For over a decade, SF has been a predictor of where cocktail trends will head nationally. For example, we were early progenitors of enjoying bitter liqueurs, out-drinking the nation in Fernet years before it caught on elsewhere. But there's always the next wave to predict. Sometimes it's a trend that sticks, trickling down around the country, like moving away from speakeasies and hidden bars to high-quality drinks in casual settings. Other times, it's one that fizzles out. We asked some of the Bay Area's leading bar managers and bartenders what waves of change might be underway. Here are their responses:
Brian Felley, Big and the Love Boat: "With all the artisan liquor production and craft spirits coming to market, I see a future of product-driven cocktails produced for the masses at restaurants with communal tables, and lounge/dive hybrid bars that thrive on quality and accessibility? Nothing that feels like Disneyland or that was made famous by Portlandia."
Zachary Brian Taylor, Ziryab: "I'm seeing more smoke elements added to cocktails. I'm using smoky Lapsang Souchang tea in my Manhattan, and I've seen a few other people use that same ingredient. I also know that 25 Lusk has a cocktail with applewood-smoked orange bitters, called Smoke and Mirrors."
Tim Zohn, AQ and the forthcoming TBD: "People keep using the term low-ABV cocktail, or low-alcohol cocktail. I feel like these cocktails fit a certain niche (lunch menus, mostly), but the term has a negative connotation. Like you're not getting a 'real' cocktail. Atlanta has 'suppressors', low alcohol/end of the night cocktails, and while I respect the idea, the name never really sat right with me. Very cool though.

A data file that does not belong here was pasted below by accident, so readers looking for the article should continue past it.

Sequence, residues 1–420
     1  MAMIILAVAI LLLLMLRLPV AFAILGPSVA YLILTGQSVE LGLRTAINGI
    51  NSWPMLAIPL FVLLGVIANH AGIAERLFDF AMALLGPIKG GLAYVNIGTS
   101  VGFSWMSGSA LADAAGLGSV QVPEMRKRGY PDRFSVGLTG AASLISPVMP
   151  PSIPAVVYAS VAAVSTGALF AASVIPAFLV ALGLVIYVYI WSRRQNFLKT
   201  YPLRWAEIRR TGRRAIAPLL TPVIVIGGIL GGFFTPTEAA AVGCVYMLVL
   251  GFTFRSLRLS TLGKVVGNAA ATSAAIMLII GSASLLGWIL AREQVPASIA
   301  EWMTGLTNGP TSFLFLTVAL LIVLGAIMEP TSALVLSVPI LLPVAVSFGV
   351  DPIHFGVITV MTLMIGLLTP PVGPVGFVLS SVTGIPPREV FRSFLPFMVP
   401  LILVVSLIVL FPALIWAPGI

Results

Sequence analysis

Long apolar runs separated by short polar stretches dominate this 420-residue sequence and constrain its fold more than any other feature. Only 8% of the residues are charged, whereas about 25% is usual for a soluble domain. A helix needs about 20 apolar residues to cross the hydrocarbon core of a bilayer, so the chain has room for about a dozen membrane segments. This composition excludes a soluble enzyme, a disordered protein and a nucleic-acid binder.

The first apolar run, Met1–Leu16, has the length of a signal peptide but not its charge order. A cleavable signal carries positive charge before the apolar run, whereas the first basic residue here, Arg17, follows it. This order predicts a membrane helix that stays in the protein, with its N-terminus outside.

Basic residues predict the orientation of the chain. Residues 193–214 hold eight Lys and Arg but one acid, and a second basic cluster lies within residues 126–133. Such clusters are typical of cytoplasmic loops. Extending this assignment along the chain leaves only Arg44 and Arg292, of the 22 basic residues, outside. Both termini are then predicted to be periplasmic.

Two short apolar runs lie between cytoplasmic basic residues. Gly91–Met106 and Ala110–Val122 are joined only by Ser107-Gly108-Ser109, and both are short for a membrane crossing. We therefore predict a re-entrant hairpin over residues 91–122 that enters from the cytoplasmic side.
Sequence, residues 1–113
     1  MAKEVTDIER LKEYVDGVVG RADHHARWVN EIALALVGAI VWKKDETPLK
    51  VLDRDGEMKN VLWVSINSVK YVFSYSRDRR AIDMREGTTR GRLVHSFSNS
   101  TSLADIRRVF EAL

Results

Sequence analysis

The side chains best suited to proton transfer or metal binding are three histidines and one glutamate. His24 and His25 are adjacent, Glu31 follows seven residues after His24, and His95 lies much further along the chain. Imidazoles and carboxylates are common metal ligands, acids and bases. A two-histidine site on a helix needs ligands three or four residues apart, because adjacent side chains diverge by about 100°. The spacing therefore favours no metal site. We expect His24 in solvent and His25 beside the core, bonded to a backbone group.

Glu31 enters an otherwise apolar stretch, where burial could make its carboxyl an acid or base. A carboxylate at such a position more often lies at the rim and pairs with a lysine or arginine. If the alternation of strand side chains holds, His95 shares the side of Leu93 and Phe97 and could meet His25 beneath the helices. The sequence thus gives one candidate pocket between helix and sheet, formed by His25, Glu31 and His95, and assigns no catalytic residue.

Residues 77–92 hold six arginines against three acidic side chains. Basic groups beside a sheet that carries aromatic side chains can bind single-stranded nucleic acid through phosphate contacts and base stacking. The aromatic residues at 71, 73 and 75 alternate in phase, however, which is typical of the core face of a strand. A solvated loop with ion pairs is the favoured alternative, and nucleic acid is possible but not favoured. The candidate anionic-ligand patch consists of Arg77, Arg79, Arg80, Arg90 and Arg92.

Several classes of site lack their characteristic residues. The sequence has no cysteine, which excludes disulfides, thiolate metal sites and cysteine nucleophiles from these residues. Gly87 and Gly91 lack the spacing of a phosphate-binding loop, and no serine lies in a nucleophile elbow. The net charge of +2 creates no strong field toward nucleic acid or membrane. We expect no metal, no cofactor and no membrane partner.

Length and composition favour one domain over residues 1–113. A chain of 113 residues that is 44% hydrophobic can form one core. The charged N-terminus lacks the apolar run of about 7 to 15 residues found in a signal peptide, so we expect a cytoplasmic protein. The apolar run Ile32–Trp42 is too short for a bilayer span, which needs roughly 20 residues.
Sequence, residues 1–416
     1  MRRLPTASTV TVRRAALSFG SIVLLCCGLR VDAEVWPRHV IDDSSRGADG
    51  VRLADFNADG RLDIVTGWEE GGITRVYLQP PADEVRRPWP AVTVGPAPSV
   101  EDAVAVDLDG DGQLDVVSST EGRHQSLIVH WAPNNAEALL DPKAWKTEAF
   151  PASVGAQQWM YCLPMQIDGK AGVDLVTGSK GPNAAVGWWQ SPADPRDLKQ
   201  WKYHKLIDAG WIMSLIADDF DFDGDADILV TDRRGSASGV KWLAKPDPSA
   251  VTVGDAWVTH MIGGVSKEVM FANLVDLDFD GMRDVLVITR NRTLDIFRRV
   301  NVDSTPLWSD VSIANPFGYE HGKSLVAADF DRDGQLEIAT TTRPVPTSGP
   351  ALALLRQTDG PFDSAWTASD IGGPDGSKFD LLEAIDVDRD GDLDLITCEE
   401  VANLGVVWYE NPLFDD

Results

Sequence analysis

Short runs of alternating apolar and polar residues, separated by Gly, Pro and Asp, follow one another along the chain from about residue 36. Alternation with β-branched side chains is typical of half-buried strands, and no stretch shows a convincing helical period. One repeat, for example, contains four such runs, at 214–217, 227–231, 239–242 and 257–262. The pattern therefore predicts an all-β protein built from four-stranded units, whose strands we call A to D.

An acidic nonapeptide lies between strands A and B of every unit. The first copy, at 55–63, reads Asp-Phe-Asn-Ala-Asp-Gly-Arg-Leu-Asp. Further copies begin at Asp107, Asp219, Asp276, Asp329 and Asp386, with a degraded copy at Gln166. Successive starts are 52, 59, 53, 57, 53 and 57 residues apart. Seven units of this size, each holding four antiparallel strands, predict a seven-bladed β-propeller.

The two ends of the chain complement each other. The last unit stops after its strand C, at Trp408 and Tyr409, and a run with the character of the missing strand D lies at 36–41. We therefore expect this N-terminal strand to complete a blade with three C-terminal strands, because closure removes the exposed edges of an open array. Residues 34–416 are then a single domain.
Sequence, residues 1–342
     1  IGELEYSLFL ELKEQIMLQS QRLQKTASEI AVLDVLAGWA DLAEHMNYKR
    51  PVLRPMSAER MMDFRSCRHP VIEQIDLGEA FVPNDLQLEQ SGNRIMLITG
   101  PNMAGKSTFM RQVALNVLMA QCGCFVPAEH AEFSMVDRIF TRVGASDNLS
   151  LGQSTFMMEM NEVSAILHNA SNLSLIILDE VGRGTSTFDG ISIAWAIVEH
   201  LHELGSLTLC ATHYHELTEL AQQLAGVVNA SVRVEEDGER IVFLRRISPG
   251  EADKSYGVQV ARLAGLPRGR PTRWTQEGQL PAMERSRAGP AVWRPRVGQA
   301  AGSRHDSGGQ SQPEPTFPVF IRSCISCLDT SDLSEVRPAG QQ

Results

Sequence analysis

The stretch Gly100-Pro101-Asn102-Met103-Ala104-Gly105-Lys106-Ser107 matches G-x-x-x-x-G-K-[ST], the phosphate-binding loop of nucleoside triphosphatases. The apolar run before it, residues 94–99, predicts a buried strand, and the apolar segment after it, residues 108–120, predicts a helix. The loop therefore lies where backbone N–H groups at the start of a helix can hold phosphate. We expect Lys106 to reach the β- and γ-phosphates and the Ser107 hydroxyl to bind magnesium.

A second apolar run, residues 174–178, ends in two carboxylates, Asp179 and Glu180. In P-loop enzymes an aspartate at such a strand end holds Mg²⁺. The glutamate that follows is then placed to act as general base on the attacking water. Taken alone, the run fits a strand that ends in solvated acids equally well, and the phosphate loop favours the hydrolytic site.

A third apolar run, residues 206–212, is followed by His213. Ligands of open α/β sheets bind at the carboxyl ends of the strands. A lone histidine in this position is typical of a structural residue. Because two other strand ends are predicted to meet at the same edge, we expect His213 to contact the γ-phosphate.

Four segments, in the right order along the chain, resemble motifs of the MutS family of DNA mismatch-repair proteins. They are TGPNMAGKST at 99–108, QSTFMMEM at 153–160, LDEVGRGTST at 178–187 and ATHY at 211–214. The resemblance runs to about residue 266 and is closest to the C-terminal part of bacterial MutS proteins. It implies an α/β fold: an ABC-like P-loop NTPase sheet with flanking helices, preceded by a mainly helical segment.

For TBD, I'm taking on the task of another 41 license cocktail list [AQ, which now has full liquor, opened with beer and wine only], and as my second attempt, I'm working with the idea of loophole cocktails. Basically, everything you can use to make a cocktail, without the usual suspects. I think this might be the year for the idea of a 'cocktail' to break out of the base-spirit-plus-modifiers mold, and move into an idea of crafted experience thoughtfully delivered, whatever the ingredients used. Nothing I put into any of the drinks will be a 'cheap' product, and even at three ounces, a drink will have the same amount of alcohol as a glass of wine. So can we stop calling them low-ABV already?"
Amy Currens, Farmshop Marin: "I feel the aperitivi cocktail trend gaining momentum. Guests are responsive to wanting refreshment without high alcohol. As far as going for octane, though, mezcal is being asked about more and more. Mezcal offers such an interesting range of notes to play, appealing to a lot of tequila and whiskey drinkers. There's something very masculine and mysterious, but often made into very refreshing cocktails."
Chris Lane, Ramen Shop: "The future of drinks is kind of a less-defined one right now, at least looking at it from this side of the bar. I think that cocktails will relax...they are already beginning to. As bartenders continue to push flavor profiles, plumb cocktail manuals, and spread information via online forums and blogs, the cocktail is becoming more commonplace and less stuffy. Drinks will still be elegant and by no means lazy—if anything, they will be more interesting because they will no longer be 'the pre-Prohibition drink', 'the Tiki drink', 'the molecular drink', but hopefully more the sum of all parts as such. They will be more prevalent in the corner bar and neighborhood joints, as opposed to solely being found in designated cocktail destinations. Mindfully sourced ingredients and housemade anything will be less showy and more an accepted/expected part of a culture that we as bartenders and patrons have contributed to."
· All Cocktail Week 2013 posts [~ ESF ~]